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Eyes of banking world on Birmingham as Deutsche Bank expands

Expert says the eyes of the banking world are on the city as Deutsche starts to move hundreds of workers across to its new Five Brindleyplace home

CGI of Five Brindleyplace, home of Deutsche Bank in Birmingham
CGI of Five Brindleyplace, home of Deutsche Bank in Birmingham

Investment banks could be set to flock to Birmingham if Deutsche Bank’s expansion in the city continues to pay off, according to a senior analyst.

Daniel Davies, a banks analyst at Exane BNP Paribas who covers Deutsche Bank, said the eyes of the banking world are on the city as Deutsche starts to move hundreds of workers across to its new Five Brindleyplace home.

The German bank has been ramping up its Birmingham operations in recent years – growing its team from fewer than 30 to more than 2,000 through largely back-office functions.

However, it is now servicing 500 clients previously handled by London across debt, listed derivatives and cash equities, with a 270-seat trading floor on the way.

While it has become common to move admin roles out of the capital, it is a rarity for such front-office functions to be shifted and Mr Davies said he knew several investment banks were watching, and if it yields results may opt to set up operations here.

“It is really Deutsche Bank that is the story at the moment,” he told the Post.

“Previously there was a lot of back office and one or two things where people were looking and saying ‘that is low margin stuff’ but the latest tranche of expansion is stuff where they are going to be competing face-to-face with people making decent money in London – and if they succeed that is going to get people thinking.”

Revenues from those clients have increased by around 150 per cent, according to Erik Simonsen, who heads Deutsche Bank’s corporate banking and securities unit in the city. However the Birmingham operation will kick up a gear when the Five Brindleyplace move completes by September.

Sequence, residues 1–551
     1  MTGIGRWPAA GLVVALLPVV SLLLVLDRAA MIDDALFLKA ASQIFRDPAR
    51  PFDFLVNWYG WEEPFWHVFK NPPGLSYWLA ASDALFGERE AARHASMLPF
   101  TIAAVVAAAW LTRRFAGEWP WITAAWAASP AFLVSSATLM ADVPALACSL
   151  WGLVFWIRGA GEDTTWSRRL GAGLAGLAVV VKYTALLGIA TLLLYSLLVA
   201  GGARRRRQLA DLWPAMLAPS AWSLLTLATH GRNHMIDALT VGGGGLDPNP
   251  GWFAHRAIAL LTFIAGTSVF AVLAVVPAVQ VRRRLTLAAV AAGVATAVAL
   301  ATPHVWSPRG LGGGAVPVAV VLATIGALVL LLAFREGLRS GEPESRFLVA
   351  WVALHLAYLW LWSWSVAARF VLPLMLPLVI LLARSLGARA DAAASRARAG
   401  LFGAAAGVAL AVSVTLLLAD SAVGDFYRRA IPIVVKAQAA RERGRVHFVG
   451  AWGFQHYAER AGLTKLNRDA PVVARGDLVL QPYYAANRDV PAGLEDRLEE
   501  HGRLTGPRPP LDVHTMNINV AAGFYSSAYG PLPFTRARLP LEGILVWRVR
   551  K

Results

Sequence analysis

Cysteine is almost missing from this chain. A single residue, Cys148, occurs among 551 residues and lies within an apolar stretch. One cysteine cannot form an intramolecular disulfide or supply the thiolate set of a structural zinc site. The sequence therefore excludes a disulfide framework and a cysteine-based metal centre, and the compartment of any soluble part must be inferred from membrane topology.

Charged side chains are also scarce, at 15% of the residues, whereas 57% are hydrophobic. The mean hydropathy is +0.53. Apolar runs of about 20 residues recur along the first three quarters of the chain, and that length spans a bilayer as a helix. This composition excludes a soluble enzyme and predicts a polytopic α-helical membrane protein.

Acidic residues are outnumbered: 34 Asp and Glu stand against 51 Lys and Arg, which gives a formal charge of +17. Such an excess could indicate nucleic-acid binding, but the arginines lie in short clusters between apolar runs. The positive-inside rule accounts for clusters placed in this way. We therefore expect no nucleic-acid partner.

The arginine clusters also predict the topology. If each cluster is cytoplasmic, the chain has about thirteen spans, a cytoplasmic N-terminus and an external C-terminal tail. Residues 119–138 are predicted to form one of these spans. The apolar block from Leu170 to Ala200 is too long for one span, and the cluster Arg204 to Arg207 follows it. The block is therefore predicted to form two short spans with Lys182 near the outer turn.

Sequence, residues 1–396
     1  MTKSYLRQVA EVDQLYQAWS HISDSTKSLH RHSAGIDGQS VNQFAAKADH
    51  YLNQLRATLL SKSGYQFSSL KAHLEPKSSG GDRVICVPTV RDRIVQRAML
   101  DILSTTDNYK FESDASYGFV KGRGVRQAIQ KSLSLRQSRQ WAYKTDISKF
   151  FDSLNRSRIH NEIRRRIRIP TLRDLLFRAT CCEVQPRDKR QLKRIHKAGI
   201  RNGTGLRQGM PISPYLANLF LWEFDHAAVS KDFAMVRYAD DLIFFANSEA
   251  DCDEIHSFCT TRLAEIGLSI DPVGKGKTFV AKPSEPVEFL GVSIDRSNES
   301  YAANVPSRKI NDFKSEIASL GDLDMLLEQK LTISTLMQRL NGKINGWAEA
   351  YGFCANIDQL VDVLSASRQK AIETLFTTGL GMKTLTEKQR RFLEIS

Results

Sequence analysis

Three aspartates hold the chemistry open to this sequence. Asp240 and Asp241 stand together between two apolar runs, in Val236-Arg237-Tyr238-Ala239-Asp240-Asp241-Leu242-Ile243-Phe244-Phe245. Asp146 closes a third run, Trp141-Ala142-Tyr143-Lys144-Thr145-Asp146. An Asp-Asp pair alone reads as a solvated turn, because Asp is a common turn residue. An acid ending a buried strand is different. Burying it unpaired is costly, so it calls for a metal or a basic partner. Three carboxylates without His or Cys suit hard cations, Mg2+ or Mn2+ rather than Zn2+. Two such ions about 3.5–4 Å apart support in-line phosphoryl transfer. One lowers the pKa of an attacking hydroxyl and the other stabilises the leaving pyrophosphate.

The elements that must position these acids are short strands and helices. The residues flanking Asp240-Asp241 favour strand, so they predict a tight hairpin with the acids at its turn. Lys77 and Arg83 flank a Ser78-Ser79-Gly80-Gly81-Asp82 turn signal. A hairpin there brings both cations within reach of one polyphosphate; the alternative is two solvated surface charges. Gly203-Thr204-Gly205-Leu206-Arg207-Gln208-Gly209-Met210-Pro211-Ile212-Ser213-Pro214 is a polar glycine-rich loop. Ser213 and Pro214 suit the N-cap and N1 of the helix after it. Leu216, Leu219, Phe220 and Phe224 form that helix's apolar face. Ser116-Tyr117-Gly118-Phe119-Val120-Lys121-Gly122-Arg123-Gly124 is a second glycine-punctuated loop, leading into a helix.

The bank is set to finish the year with around 170 front-office staff within its investment banking unit in the city, with that number in time set to increase by 100, reports claim.

Birmingham is also home to an e-commerce team, and Mr Davies said that is key, as the city operation reflects a trend that sees more banking carried out online.

He said: “Deutsche put money into this as a pilot project, but they are expanding it. You can see that Deutsche Birmingham has clearly produced enough in the way of results that they are moving more staff out there. To be honest in my view it is little to do with HS2, because it is increasingly a telephone business. The real face-to-face contact stuff still really happens in Mayfair, but there is more and more of the stuff that five or six years ago was outsourced to call centres but it has generally turned out that there wasn’t such an economy that people thought there would be.

“They are realising firstly that you are taking up a lot of expensive real estate with people and computers that don’t necessarily have to be there and secondly that you can split the difference between money needed to have a middle class lifestyle in London and money to have a very nice lifestyle in Birmingham and split the benefit down the middle.

“So far Deutsche seems to be the leader in doing this, but everyone is looking at it now.”

Mr Davis said the vogue for shifting jobs out of London, where the average salary is more than 50 per cent higher than the national average, had seen Barclays shifting lower-end positions to Bournemouth.

Neil Rami, chief executive of Marketing Birmingham, said: “Birmingham’s business, financial and professional services sector is the largest of any UK city outside London, with more than 7,500 companies employing 100,000 people.

“There’s no doubt that the types of roles and development of different functional areas by Deutsche Bank into an integrated presence in Birmingham has considerably raised the prospect of the city’s potential to attract further investment into this sector.”

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